The other company that you should definitively consider entrusting your PC security to is the Giant Company Software (http://www.giantcompany.com/). They have two programs that are a must have for any personal computer. The first is their Anti-Spyware software. This program located and cleaned more potential threats that any other program of this type I have tried. I thought I had a fairly clean machine but Giant located and removed 31 spyware theaters no one else could detect. Giant works on several levels to protect your system. There is a scan mode that checks your machine for any potential dangerous additions to your system. This looks at the files, registry, cookies and any code that may lurk in memory. You can either quarantine the offender or delete it out right. There are inoculations that can be applied to help prevent any such software from even being saved to your machine. Finally, there are real time protections that work on three levels; Internet, System and Application agents. These work to block known threats. Giant is easy to install and frequently updated in order to keep pace with the many new threats that pop up each day. So far the average has been one update per week.

The other software from Giant that I was amazed at is their Anti-Spam program. Iíve tried the Anti-Spam from McAfee and was very disappointed. McAfee works by intercepting your mail, checking for potential spam and sending what it considers as clean to your email program. The problem with this is you have to manually alter every email account you use, making changes in both the email program and McAfee. For those of us that maintain several accounts this can be extremely tedious and time consuming. I also found that McAfee would lose the settings for one or more of my accounts forcing me to restore from a back up of when it worked. By the way, each backup took about 35 Meg of disk space. Giant works in a different way. It loads on top of your email program and scans the mail as it comes in. No changes to your email accounts is required, set up took a few minutes instead of about an hour with McAfee. You get new tool bars in your email program that gives you complete control over the spam cleaning process. Each email identified as spam is saved to a special folder where you can inspect the mail to make sure something you want was not placed there. With one click you can identify something as friendly or spam. A list of known friends and enemies is easily maintained. Not only did this program stop almost all spam right away I have yet to see a real email blocked. The system learns as it goes increasing your spam hit rate even more in just a couple of days. Each of these programs from Giant has a 15 day free evaluation period and cost $29.98 for a yearís subscription. Considering what you have to lose it is a bargain.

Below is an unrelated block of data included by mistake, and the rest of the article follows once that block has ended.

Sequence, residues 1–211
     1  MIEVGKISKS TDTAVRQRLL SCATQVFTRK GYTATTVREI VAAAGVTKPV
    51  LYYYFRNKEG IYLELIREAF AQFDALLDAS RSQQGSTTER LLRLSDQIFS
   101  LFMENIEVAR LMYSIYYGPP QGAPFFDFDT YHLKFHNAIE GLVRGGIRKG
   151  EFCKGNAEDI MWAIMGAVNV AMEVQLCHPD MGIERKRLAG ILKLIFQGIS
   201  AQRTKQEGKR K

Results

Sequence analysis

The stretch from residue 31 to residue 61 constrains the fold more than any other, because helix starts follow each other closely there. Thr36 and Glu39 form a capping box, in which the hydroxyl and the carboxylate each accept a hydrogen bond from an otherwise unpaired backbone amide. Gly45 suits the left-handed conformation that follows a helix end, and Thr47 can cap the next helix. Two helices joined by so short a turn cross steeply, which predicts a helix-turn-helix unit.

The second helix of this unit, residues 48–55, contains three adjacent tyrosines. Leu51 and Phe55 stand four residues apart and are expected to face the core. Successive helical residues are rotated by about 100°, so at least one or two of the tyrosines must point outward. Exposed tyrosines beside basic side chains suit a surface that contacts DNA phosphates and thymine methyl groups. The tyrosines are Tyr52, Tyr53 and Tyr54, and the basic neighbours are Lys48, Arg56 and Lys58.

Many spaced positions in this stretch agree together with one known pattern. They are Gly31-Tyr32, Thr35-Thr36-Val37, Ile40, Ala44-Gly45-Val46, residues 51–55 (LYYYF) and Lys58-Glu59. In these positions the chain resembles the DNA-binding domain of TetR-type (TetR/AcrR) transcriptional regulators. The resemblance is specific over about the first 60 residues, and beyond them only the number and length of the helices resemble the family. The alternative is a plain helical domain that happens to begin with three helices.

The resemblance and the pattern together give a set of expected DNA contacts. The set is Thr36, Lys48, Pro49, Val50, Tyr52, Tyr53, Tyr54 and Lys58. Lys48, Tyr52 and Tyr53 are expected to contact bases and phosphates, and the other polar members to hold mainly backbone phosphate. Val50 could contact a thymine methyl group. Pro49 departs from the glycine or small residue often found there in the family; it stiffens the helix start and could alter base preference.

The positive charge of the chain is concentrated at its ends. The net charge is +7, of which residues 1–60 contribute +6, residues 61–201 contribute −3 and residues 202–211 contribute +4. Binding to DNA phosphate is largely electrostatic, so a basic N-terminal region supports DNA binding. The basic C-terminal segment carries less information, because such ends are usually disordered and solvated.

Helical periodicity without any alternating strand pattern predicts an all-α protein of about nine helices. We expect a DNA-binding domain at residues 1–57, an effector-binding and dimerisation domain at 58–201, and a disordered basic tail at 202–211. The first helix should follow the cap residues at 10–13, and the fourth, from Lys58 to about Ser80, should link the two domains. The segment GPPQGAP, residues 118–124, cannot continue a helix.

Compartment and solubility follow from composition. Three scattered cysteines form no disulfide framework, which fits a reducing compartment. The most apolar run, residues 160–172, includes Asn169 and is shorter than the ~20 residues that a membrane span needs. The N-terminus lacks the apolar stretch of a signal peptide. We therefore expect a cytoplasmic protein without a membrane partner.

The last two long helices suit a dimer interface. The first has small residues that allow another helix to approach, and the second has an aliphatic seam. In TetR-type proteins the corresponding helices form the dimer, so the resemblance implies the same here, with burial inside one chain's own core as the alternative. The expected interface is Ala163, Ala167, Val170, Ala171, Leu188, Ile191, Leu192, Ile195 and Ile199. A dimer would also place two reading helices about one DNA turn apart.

It may be a virtual world on the internet but the threats are very real. When you start up your high speed modem to connect to the world there are those out there that want your financial records, your identity and anything else they can mine from your system. Not only will this slow down the machine you paid so much for it can put you are risk in the real world. A little extra time and money will help protect your from what waits for you out there.

Thanks to everyone visiting this site.

Send email to doug@hometheaterinfo.com with questions or comments about this web site.
Copyright © 1999-2017 Home Theater Info